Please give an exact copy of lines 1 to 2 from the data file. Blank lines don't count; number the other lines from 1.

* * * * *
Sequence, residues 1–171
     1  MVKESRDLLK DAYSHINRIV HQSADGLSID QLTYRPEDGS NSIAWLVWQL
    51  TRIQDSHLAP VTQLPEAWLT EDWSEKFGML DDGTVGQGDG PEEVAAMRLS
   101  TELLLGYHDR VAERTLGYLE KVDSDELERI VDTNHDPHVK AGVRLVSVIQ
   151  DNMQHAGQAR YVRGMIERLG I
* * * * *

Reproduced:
Sequence, residues 1–171
     1  MVKESRDLLK DAYSHINRIV HQSADGLSID QLTYRPEDGS NSIAWLVWQL